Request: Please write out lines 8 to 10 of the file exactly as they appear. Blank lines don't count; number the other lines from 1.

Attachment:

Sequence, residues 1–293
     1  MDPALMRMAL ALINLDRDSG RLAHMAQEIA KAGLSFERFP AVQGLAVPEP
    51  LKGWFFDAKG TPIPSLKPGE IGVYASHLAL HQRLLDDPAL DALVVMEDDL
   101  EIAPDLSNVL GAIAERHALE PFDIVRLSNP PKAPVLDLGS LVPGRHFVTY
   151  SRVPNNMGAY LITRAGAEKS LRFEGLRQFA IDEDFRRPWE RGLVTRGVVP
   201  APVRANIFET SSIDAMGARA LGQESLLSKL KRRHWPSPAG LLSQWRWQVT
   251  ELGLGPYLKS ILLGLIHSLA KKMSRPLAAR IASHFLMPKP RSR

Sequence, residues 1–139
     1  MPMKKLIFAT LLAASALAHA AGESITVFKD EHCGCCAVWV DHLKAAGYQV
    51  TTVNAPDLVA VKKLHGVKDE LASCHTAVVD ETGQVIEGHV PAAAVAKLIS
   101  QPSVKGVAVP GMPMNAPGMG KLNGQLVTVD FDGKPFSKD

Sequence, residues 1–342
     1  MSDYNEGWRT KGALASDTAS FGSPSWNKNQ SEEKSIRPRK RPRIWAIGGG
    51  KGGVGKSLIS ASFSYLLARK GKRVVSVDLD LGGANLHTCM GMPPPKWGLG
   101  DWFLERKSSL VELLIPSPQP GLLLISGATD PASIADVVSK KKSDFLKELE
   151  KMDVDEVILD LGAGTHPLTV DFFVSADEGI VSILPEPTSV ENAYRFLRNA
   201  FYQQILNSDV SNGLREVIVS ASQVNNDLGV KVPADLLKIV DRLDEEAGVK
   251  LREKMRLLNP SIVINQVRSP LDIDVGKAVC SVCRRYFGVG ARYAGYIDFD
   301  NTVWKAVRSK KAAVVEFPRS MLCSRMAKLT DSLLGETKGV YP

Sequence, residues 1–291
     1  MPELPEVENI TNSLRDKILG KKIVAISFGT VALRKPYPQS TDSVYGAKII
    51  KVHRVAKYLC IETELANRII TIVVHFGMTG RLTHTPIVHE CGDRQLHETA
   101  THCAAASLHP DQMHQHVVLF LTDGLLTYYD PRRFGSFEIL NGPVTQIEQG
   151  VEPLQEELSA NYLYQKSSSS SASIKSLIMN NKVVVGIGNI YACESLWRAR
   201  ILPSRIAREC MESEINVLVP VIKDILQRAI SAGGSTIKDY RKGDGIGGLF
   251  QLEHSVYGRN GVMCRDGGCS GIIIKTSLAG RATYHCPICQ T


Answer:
Sequence, residues 1–139
     1  MPMKKLIFAT LLAASALAHA AGESITVFKD EHCGCCAVWV DHLKAAGYQV
    51  TTVNAPDLVA VKKLHGVKDE LASCHTAVVD ETGQVIEGHV PAAAVAKLIS